The brain can’t tell the difference between mental and physical pain, so using treatments that dismiss one or the other will only be partially successful.

https://www.psychologytoday.com/blog/body-sense/201204/emotional-and-physical-pain-activate-similar-brain-regions

This study was not done in order to promote acetaminophen and other analgesics as psychoactive drugs. Rather, the idea was to emphasize that over the course of evolution, our bodies decided to take the economy route and use a single neural system to detect and feel pain, regardless of whether it is emotional or physical. While it may be a good idea to take a pain reliever in the acute phase of feeling physical and emotional pain, no one is proposing this a long-term cure for dealing with hurt feelings and grief.

Pain, of course, is always both a physical and an emotional experience. If I stub my toe, in addition to the physical pain, I am likely to be also angry or disappointed with myself or with someone else who is convenient to blame (Why did you leave that box in the hallway where I couldn’t see it until I hurt myself? Now look what you’ve done!!)…

Poison

Violence and abuse create a huge blister on your soul. We can cover up that blister with things like drugs, food, numbness, and apathy — and by blaming ourselves, turning the poison inwards, creating feelings like shame.

We can create callouses and scar tissue to cover the blister, but the poison still remains. Our brains will try to see through the poison and scar tissue, trying to make sense of the pain, no matter how hard we try to block it. The results are suffering from anxiety, depression, and PTSD. It’s the brain’s way of saying, “Hey, the poison is still here!” You can only fool your brain for so long. And it’s very hard to function when our brain and our soul is full of poison and pain.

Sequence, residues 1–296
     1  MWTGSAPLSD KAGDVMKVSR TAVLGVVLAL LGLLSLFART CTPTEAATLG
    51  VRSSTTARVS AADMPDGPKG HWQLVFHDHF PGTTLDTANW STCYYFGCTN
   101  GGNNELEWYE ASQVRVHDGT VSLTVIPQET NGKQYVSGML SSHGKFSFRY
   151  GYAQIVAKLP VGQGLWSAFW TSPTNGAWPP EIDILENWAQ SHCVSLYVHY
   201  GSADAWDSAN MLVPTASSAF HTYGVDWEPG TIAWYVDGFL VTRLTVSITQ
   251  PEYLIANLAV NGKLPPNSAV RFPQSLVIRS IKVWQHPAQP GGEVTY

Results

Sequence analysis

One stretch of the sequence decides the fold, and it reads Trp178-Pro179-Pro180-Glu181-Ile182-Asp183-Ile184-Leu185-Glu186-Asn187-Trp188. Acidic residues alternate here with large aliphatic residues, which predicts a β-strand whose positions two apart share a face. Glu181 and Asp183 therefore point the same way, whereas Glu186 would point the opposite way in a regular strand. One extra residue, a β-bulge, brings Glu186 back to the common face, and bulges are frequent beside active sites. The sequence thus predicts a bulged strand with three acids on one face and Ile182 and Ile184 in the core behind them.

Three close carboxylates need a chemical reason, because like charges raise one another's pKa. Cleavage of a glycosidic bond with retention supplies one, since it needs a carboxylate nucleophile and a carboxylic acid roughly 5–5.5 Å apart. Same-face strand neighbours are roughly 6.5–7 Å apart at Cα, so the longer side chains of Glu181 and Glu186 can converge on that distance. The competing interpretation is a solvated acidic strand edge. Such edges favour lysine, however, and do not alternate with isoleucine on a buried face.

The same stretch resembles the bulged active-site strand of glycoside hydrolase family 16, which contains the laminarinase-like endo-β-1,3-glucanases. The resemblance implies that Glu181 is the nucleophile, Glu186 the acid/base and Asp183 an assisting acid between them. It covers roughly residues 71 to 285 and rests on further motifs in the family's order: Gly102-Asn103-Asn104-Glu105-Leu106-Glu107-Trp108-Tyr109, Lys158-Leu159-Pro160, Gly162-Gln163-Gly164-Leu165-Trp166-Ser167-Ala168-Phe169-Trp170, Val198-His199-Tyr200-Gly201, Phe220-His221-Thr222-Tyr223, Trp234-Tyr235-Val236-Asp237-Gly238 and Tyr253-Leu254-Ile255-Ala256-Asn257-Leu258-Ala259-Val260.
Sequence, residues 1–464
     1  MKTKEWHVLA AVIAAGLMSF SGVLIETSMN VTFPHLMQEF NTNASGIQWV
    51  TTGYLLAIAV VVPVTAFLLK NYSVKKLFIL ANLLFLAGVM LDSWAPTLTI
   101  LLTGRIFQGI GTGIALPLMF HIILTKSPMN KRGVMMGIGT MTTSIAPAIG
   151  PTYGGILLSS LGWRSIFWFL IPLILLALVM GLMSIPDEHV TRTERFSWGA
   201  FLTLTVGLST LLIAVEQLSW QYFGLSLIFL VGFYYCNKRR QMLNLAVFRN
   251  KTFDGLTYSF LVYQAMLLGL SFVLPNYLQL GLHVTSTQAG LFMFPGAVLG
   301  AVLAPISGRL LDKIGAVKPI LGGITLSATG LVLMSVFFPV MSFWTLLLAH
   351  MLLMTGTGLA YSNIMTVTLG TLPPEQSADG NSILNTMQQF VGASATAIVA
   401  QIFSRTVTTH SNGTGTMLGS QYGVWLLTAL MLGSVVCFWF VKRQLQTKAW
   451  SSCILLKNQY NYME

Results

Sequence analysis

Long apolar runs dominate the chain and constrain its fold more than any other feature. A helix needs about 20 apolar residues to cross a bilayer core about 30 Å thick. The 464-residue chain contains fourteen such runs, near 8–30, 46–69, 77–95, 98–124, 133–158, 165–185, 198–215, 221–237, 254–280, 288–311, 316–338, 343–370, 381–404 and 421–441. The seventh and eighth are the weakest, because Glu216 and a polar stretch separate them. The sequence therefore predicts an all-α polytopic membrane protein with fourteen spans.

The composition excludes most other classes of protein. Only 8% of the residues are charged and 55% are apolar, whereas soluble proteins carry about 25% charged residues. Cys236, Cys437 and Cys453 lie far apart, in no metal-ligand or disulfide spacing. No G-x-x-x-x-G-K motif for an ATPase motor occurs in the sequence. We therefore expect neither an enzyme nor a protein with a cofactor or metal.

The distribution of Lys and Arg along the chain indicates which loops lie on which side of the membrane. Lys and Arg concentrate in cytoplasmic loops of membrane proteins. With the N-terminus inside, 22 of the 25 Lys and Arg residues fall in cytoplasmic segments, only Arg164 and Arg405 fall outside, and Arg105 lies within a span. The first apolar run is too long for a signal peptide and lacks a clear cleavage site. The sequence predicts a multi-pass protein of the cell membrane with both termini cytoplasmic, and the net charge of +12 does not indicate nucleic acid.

Who created the poison? The abuser. If we still have contact with them, the poison just grows and grows, making it harder to cover up. I don’t know how you could get rid of the poison without cutting off contact.

You deserve to free yourself of the poison. And the abuser deserves… not a damn thing.

(Photo taken 10/14/2014.)

10 States With the Most Gun Violence

http://247wallst.com/special-report/2015/06/10/10-states-with-the-most-gun-violence/2/

Like most states across the country, the largest proportion of gun-related deaths in New Mexico was attributable to suicide. The age-adjusted firearm suicide rate of 10.3 per 100,000 was the ninth highest rate in the country. New Mexico also had the highest death rate by legal intervention — deaths caused by police or other law enforcement officials — in the country. In general, New Mexico residents were exposed to a large number of crimes. The state reported 613 violent crimes per 100,000 residents, the second highest rate in the country. Low education levels and widespread poverty may partly explain the high gun violence and deaths. Nearly 22% of New Mexico’s population lived in poverty, substantially higher than the national poverty rate of 15.8%. Additionally, only 84.3% of adults had at least a high school diploma, the sixth lowest rate in the country.

Cold/heat therapy as a diagnostic tool

I suffer from both muscular and nerve pain.  It can be hard to tell the difference between the two, especially when the pain is constant. I use different types of cold/heat treatments and thought it was interesting to note that my nerve pain doesn’t like the heat (sometimes causing inflammation), while my muscular pain doesn’t like the cold (sometimes causing muscle spasms). And it seems to me that you could use cold and heat as a diagnostic tool — in a general way — to determine what kind of pain you suffer from.

I Went to a Texas Jail to Roast the Inmates

http://www.huffingtonpost.com/jeff-ross/incarceration-in-america_b_7568880.html

I recently roasted the inmates at a maximum-security jail in Texas. It was an intense and rare experience. No other jail or prison in America had the guts to let me in — not even in my native state of New Jersey. So when some brave men wearing white cowboy hats agreed to let this wise-cracking yankee come down there and insult the inmates, I was salivating. I’d been wanting to do something different, a new adventure. Criminals fascinate me. What are they really like? Why do they keep returning to jail in such large numbers? …